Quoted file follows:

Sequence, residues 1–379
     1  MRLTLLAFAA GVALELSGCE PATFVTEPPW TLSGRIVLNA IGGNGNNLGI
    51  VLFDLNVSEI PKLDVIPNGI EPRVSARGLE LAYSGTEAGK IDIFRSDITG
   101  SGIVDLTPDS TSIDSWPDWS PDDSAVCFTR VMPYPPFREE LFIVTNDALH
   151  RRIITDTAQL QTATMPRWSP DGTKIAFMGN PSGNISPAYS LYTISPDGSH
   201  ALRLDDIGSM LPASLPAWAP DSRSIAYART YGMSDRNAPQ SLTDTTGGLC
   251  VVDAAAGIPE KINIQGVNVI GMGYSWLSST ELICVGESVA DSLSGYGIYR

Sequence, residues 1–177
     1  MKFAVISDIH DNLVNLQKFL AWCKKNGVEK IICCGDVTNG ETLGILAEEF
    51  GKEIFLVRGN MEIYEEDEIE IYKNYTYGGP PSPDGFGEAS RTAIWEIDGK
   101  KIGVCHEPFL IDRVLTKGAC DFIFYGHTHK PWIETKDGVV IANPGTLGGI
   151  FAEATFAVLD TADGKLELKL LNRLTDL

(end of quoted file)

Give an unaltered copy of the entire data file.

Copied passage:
Sequence, residues 1–379
     1  MRLTLLAFAA GVALELSGCE PATFVTEPPW TLSGRIVLNA IGGNGNNLGI
    51  VLFDLNVSEI PKLDVIPNGI EPRVSARGLE LAYSGTEAGK IDIFRSDITG
   101  SGIVDLTPDS TSIDSWPDWS PDDSAVCFTR VMPYPPFREE LFIVTNDALH
   151  RRIITDTAQL QTATMPRWSP DGTKIAFMGN PSGNISPAYS LYTISPDGSH
   201  ALRLDDIGSM LPASLPAWAP DSRSIAYART YGMSDRNAPQ SLTDTTGGLC
   251  VVDAAAGIPE KINIQGVNVI GMGYSWLSST ELICVGESVA DSLSGYGIYR

Sequence, residues 1–177
     1  MKFAVISDIH DNLVNLQKFL AWCKKNGVEK IICCGDVTNG ETLGILAEEF
    51  GKEIFLVRGN MEIYEEDEIE IYKNYTYGGP PSPDGFGEAS RTAIWEIDGK
   101  KIGVCHEPFL IDRVLTKGAC DFIFYGHTHK PWIETKDGVV IANPGTLGGI
   151  FAEATFAVLD TADGKLELKL LNRLTDL